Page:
In this case of medieval date rape and the grim consequences which follow hard upon it, Sigrid Undset created a wonderfully literate experience using the saga "voice". Although I detected slippages in tone, here and there, and felt the ending too contrived and overwrought to be pure saga, I was still swept along by this book, finishing it in a single sitting. It is short, yes, but also a very compelling narrative as it details the tribulations of two would-be lovers who are yet too proud and self-willed for their own good or for the society in which they find themselves. As with the typical viking hero, Viga-Ljot is overly confident of his own charms and impatient of results. And Vigdis, the maid he has set his heart on, is no less aloof and overbearing in her own way than that historical figure, Sigrid the Haughty, who so angered King Olaf Tryggvesson that he slapped her in the midst of their courtship and thereby sealed his doom. Viga-Ljot does much worse in this tale and his fate is thus forever bound up with a woman who cannot forget or forgive him. Like Gudrun Osvif's daughter in Laxdaela Saga, Vigdis bides her time and nurses her pain but, in the end, that pain is not assuaged by the actions she takes, for it is ultimately destructive to everyone it touches.
A good example of the saga form in modern literature indeed, and yet, despite the finely tuned prose of this novel, capturing the nuances and understatement of the saga voice with masterly strokes, there is an underlying stridency here, an almost emotional overreaching which is not, itself, true to the saga form. In some ways this book is too modern and its author's sensibility, at this juncture in her career, almost too young and unseasoned. Undset seems to be reaching for the tragic denouement of the Greek classics to end her tautly told tale rather than content herself with the flatly understated and finely nuanced wrap-up more appropriate to the saga form. But this Greek-like ending left me much colder than the drily tossed-off afterthought of a true saga might have done. And yet, for all that, Undset has here given us one of the better modern novels done in saga form. My hat is off to her.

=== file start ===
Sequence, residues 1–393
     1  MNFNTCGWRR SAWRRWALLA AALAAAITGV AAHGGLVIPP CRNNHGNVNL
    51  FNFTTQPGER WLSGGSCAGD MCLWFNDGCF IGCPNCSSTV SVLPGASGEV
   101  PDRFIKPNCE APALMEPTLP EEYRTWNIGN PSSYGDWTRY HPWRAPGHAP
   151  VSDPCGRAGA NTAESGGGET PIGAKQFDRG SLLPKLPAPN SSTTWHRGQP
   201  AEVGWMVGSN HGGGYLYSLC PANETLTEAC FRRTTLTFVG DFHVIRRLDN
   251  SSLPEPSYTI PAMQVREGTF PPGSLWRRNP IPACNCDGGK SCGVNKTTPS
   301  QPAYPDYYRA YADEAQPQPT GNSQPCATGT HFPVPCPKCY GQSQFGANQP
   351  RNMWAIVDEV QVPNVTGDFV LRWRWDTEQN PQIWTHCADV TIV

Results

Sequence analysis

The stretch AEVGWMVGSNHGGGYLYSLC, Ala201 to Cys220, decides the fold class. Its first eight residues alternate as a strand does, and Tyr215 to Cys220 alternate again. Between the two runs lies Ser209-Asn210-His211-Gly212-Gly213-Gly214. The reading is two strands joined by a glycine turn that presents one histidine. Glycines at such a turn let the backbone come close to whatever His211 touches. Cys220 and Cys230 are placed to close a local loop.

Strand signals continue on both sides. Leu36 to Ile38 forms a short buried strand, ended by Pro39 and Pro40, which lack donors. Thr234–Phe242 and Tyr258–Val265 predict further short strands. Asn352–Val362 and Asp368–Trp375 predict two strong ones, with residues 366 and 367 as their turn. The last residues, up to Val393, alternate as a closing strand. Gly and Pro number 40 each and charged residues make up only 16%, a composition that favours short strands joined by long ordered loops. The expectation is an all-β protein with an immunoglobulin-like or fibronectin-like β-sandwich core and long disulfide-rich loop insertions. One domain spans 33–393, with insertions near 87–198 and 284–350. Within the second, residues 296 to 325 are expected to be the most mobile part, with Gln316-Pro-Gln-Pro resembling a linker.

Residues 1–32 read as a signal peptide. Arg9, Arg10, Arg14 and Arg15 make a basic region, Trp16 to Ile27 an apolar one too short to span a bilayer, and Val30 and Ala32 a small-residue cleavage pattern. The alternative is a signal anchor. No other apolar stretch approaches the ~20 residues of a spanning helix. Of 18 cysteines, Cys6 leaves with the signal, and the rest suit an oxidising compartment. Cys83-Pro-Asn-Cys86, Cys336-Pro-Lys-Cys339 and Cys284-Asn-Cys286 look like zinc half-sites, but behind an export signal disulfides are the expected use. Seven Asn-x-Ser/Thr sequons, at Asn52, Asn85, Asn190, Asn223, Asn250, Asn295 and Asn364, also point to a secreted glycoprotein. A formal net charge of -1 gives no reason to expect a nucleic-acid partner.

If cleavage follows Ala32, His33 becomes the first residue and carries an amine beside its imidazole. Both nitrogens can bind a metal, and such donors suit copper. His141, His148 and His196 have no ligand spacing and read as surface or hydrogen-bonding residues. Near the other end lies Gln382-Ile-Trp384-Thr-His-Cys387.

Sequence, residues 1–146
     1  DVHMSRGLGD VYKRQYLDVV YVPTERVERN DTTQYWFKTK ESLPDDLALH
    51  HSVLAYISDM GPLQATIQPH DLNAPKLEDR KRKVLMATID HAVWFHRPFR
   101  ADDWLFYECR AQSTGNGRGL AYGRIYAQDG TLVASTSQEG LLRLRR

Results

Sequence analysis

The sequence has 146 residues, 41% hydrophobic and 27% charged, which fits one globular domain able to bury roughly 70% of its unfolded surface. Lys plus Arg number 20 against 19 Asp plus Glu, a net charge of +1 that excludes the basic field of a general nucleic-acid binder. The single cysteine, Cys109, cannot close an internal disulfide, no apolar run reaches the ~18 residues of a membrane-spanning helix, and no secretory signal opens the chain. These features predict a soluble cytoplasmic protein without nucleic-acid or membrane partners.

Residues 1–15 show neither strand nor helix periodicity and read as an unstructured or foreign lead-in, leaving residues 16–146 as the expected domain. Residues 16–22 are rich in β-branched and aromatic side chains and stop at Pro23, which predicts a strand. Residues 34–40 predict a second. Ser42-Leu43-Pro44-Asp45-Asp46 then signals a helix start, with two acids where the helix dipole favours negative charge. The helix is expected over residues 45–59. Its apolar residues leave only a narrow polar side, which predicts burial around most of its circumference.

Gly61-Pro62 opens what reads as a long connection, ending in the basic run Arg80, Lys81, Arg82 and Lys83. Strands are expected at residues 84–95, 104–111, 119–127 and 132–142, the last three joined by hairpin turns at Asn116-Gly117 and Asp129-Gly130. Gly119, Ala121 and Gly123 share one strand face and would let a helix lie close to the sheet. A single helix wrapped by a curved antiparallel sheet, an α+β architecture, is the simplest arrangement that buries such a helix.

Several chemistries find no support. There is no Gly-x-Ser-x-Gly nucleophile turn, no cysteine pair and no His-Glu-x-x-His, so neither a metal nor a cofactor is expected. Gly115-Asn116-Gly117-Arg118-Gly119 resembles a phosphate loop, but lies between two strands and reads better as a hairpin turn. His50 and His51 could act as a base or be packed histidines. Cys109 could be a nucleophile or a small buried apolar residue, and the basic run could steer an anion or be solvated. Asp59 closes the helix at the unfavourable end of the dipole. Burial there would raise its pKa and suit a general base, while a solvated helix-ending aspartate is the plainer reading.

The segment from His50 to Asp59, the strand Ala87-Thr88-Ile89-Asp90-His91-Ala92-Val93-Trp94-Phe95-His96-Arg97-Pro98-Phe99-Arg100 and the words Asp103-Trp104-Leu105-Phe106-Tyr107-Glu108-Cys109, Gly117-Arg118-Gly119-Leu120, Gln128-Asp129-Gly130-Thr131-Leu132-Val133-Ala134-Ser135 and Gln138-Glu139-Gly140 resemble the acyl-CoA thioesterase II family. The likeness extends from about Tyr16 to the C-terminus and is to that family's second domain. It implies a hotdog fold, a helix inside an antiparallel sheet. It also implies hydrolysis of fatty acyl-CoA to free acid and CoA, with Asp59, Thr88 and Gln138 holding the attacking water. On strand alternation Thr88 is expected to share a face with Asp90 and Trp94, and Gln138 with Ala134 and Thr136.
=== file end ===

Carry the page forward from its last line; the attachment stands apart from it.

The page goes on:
By the way, for another really fine novel based on the old sagas, one, in fact, that I think outdoes even this one, try SAGA: A NOVEL OF MEDIEVAL ICELAND by contemporary Canadian author Jeff Janoda. Many have tried to evoke the sagas in modern prose but few have done it as well as he has. Janoda has written a contemporary novel that does genuine justice to its original source, Eyrbyggja Saga, while not succumbing to the overwrought sensibility which mars GUNNAR'S DAUGHTER at the end. If you like fiction grounded in the old Norse saga literature, then Janoda's book should be your very next stop.
SWM author of The King of Vinland's Saga
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